|Two porcupines by Denali National Park and Reserve is licensed under CC BY 2.0.
Having been active in libertarian circles for a number of years, I've had several people ask me why I'm not a full-throated anarchist. Don't I think the initiation of force is evil? Don't I think government is inherently coercive? Why settle for smaller government, for minimal government, when I should clearly be advocating for no government as a matter of philosophical principle? My short answer has usually been, "Perhaps, but I'm not really sure that would work". My longer answer has been to throw such people at Scott Siskind's Non-Libertarian FAQ and then try to go through it point-by-point, but even that felt like it was dancing around the core issue that really prevents me from embracing Full Metal Anarcho-Capitalism.
Then, while reading Meaningness' Systems of meaning all in flames, I came across this passage:
Any serious system has a network of justifications that answer all “why” questions—not perfectly, but well enough for most people most of the time. So it ought to work.That's when it hit me - "Big L" Libertarianism, the kind of Libertarianism you see presented from the Ludwig von Mises Institute, the kind you sometimes see from the Center for a Stateless Society, the kind you hear argued about at Libertarian conventions where people throw Murray Rothbard quotes at one another, is a system. Oh, sure, it's a heavily decentralized one (in theory), but it's still definitely a system.
Don't believe me? Ask it questions.
Okay, will there be law in an Anarcho-Capitalist society? Sure - there will be competing forms of law that individuals can choose from. Will there still be a police system? Absolutely - there will be several, in fact. But what about the roads? And so on. How are these questions answered? The same way any system answers questions - it makes certain base assumptions:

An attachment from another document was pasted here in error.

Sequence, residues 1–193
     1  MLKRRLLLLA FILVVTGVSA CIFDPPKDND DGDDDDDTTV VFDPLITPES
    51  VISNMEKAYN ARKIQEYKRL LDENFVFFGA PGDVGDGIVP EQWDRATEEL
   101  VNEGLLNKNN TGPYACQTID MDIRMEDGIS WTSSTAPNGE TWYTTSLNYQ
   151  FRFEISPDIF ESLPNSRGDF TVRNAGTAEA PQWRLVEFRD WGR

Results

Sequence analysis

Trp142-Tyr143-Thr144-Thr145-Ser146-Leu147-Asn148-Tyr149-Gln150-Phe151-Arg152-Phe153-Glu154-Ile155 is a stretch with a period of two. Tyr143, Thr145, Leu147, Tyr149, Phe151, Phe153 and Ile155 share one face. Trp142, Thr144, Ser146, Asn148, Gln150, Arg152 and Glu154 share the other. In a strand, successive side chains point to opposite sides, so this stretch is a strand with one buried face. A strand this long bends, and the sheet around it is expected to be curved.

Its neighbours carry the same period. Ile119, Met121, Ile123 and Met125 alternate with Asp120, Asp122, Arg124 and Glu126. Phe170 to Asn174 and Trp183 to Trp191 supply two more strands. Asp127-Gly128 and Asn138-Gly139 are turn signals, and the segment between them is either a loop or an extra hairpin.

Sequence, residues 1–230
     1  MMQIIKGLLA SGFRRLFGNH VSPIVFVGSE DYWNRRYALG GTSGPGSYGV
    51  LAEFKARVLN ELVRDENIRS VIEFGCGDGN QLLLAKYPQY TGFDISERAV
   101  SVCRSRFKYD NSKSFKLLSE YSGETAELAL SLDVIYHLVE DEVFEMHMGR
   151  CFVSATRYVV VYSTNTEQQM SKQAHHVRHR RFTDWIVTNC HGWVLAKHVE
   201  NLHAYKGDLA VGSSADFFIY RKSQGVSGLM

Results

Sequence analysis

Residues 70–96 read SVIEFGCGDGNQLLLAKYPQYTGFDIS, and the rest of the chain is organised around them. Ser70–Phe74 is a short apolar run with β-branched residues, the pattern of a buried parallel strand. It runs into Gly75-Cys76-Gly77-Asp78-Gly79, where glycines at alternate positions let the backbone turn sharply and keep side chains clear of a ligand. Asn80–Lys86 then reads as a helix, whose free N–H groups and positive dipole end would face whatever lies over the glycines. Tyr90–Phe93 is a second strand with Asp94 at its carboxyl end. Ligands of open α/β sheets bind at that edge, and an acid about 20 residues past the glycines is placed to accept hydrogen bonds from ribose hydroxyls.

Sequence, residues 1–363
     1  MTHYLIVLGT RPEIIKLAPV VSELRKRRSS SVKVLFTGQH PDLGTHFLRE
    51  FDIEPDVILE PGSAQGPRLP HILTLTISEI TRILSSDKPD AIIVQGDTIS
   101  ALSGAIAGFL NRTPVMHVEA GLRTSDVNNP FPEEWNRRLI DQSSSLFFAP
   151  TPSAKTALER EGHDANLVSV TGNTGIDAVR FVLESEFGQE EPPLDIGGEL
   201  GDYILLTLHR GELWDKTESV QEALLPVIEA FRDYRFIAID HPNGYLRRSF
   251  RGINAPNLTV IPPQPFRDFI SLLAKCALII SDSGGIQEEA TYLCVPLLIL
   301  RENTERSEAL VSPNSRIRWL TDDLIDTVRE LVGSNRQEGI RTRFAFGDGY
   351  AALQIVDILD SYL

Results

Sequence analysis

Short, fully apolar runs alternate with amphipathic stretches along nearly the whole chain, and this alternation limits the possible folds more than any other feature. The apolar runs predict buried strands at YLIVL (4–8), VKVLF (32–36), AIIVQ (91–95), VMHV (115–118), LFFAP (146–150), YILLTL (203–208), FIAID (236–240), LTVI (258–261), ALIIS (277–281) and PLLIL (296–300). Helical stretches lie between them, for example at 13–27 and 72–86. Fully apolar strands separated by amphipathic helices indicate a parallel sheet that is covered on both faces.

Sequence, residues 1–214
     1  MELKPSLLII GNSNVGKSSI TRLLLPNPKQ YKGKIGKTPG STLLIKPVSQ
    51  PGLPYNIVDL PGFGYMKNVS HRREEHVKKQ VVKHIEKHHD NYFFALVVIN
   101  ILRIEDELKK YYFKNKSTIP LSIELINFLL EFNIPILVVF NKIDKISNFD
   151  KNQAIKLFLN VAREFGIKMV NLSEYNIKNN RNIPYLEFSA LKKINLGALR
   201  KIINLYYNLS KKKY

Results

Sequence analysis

- The initiation of physical force against persons or property, the threat of such, or fraud upon persons or property, is evil.
- Since government requires physical force to enforce its edicts, it is therefore, by nature, evil.
- Even if government didn't require physical force to enforce its edicts, it suffers from the knowledge problem - its information is incomplete - so it must, by its very nature, also be incompetent.
- Therefore, all optimal solutions to all political problems must therefore be small, decentralized, self-governing voluntary organizations, i.e. a stateless society, with all services provided via a free market of exchange.
See? It's a system. It has rules. You can ask those rules questions and they'll answer them. It ought to work.
And that's my problem.
Simply put, I don't believe in systems, even ones based on ideological assumptions I happen to share. Even a system like Anarcho-Capitalism, one that is ostensibly decentralized, still requires everyone to play by the rules. Everyone has to believe that, even if 99 out of 100 people in a neighborhood think it's a really good idea to put up sandbags next to their river right before it floods, they are not allowed to use physical force to secure "consent" from the lone straggler. Those 99 people further must believe that "trespassing" under those circumstances is "physical force". Philosophically, if it's really a problem, they can just install sandbags around the property line of the lone straggler and let what may come - it may not be quite as expedient, but it's morally right, and that's what matters, isn't it?
Perhaps, but good luck convincing enough people for the system to work.
Don't get me wrong, I think it's a wonderful idea. I'm sure there are plenty of arguments about why this system will work, why this system is morally right and good, why this system will lead to more happiness, health, and so forth. I'm sure they're all fascinating, and logical, too. None of that matters. There will be failures - perhaps warlords, perhaps violent feuds between competing companies, perhaps something totally unanticipated. Either way, it won't matter - eventually, people will tire of the problems of this system and replace it with something else, one that fixes these problems (and inevitably introduces new ones). This is, in my opinion, the lifecycle of all systems.
So what's the alternative?